Parent: “It breaks our heart to see this. But we know, we know what kind of government we have, that don’t care about us. And we know what we have to do to make sure that our voice is represented from now on.”
Parent 2: “They talk about safe passage. They talk about the violence. We were an answer. We were providing the answer for free, at no cost to [Chicago Pubic Schools], and this is how they repay us.”
Chicago officials say the building posed a safety threat and that parents had failed to uphold an agreement for its repair. Instead of replacing the library, the city plans to build a sports field in its place.
The banking giant JPMorgan is under federal investigation for alleged bribery in China. The Securities and Exchange Commission is looking into whether JPMorgan hired the children of influential Chinese officials in order to win lucrative contracts. JPMorgan currently faces separate probes from eight federal agencies, one state regulator and two foreign governments.
Hundreds of people have converged in southern Britain for protest camps against the gas drilling process known as hydraulic fracking. Members of the group “No Dash for Gas” have gathered near the town of Balcombe to support local residents in their fight against the gas drilling company Cuadrilla. They’ve dubbed their encampment “Reclaim the Power.”
Sue Taylor: “Obviously, because we are in the village, we’ve done so much research on it, and we believe this is very dangerous technology. And if it’s been banned in France and the Netherlands and Germany, why is it safe here?”
Will McCallum: “All that they want to see is that drill taken away and never coming back. And so, and they’re willing to put their bodies on the line to do that.”
The protesters are carrying out civil disobedience at the drilling site as part of a two-day action that began today.
A group of Australian and West Papuan activists have set sail on a “freedom flotilla” bound for the Indonesian territory of West Papua. Organizers say they are seeking to draw attention to West Papua’s struggle for independence and to human rights abuses during 50 years of Indonesian rule.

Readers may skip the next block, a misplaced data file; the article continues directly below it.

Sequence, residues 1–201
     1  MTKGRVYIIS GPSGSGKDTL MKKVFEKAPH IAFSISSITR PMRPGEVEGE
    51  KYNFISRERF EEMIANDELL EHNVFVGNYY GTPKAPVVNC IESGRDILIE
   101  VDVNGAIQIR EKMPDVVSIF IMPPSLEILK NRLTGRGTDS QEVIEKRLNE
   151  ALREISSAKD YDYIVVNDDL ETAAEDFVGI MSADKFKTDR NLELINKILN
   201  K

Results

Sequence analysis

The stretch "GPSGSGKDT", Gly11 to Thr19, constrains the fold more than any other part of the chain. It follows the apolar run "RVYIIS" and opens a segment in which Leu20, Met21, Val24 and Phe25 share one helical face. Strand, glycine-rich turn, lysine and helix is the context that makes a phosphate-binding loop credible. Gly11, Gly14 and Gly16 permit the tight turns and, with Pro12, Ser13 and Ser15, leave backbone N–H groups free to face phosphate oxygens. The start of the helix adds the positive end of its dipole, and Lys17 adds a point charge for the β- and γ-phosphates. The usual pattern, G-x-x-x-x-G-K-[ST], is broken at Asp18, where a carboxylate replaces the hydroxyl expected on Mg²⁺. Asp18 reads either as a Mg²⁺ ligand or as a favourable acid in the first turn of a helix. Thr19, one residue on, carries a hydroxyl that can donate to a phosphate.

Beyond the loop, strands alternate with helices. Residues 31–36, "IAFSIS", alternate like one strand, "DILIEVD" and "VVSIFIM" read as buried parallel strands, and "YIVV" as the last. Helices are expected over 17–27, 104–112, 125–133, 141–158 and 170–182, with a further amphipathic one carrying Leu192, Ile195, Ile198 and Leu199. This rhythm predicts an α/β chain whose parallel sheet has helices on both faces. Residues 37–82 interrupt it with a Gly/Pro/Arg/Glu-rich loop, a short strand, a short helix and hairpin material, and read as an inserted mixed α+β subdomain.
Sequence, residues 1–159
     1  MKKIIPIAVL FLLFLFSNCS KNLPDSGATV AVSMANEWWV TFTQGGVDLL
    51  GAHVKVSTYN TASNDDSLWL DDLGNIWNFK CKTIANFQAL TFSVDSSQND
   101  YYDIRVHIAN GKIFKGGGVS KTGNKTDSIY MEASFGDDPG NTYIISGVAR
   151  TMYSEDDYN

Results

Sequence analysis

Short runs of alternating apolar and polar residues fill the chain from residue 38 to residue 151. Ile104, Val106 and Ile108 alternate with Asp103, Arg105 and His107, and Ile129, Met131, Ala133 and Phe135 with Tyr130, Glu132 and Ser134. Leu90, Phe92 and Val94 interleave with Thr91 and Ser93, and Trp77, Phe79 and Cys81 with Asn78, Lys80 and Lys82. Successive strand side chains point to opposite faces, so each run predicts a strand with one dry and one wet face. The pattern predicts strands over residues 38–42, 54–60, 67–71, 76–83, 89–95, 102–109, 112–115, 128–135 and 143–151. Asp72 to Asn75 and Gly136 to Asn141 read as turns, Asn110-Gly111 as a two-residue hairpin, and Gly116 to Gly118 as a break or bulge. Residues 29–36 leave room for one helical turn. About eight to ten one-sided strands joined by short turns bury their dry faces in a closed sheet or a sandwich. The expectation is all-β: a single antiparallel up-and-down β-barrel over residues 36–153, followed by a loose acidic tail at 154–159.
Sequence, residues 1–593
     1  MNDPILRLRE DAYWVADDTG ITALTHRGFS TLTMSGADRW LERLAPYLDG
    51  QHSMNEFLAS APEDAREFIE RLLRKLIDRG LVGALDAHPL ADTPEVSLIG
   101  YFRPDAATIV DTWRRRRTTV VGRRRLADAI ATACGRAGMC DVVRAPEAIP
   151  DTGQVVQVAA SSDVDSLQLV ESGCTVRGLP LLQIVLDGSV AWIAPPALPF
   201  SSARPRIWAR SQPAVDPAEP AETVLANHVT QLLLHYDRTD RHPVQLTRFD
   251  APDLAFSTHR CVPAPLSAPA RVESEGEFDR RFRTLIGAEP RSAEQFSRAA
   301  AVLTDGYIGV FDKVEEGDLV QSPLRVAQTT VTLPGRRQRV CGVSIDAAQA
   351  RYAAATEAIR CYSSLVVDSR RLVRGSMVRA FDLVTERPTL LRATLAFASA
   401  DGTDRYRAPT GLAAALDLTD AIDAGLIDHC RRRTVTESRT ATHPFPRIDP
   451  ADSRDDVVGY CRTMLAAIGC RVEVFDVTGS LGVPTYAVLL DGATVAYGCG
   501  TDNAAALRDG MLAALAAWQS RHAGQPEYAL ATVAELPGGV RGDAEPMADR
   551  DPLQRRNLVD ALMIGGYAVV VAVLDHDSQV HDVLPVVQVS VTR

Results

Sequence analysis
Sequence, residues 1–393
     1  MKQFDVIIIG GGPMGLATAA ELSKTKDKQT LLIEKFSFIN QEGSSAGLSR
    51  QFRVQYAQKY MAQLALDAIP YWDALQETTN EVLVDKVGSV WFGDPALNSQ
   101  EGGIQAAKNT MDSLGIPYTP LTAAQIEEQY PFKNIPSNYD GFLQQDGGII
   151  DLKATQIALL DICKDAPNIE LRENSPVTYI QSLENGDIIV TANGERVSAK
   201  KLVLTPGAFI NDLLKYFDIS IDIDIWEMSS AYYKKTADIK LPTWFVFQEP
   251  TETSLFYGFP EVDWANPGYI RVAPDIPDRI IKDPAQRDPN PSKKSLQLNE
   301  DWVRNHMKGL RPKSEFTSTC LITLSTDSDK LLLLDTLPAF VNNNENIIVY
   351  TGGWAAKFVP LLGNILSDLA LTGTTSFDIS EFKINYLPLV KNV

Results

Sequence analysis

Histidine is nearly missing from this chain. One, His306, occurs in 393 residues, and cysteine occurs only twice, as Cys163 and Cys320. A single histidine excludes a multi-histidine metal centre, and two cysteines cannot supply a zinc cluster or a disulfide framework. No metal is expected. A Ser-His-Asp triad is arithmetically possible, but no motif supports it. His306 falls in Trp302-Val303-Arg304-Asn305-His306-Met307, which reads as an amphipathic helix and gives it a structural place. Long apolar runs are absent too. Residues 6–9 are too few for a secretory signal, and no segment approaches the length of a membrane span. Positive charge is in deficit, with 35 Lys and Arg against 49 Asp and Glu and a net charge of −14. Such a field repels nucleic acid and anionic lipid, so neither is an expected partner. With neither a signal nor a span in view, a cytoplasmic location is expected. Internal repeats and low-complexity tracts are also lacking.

Jacob Rumbiak: “On behalf of the people of West Papua, and also on behalf of our leader inside prison today, President Yaboisembut and also Prime Minister Edison Waromi, we call to the world to put their eyes to this mission. We want to talk about the truth, because, soon or late, the truth will coming.”
Kevin Buzzacott: “We’ve got to free West Papua. We’re hear the call from our brothers and sisters up there, and we’re going up there. Also, we are renewing and reviving our cultural ties to that country. We’re carrying sacred water that comes from that area. We’re linking back to water and linking our ties again.”
It is estimated that as many as 500,000 West Papuans have been killed since the 1960s when Indonesia took control. The Indonesian military has reportedly been ordered to prepare to intercept the boats, which will be entering Indonesian waters without proper permission.
The CIA has finally admitted its role in the overthrow of Iran’s nationalist government 60 years ago today. On August 19, 1953, the government of Iranian Prime Minister Mohammad Mossadegh was toppled in a coup organized by U.S. and British intelligence. Mossadegh was targeted after nationalizing Iran’s oil industry, sidelining the Anglo-Iranian Oil Company, which later became known as British Petroleum, or BP. The crushing of Iran’s first democratic government ushered in more than two decades of dictatorship under the Shah, who relied heavily on U.S. aid and arms. The CIA has now fully declassified an internal report acknowledging the coup “was carried out under CIA direction as an act of U.S. foreign policy.” See our related coverage here of the CIA’s role in the 1953 Iran Coup.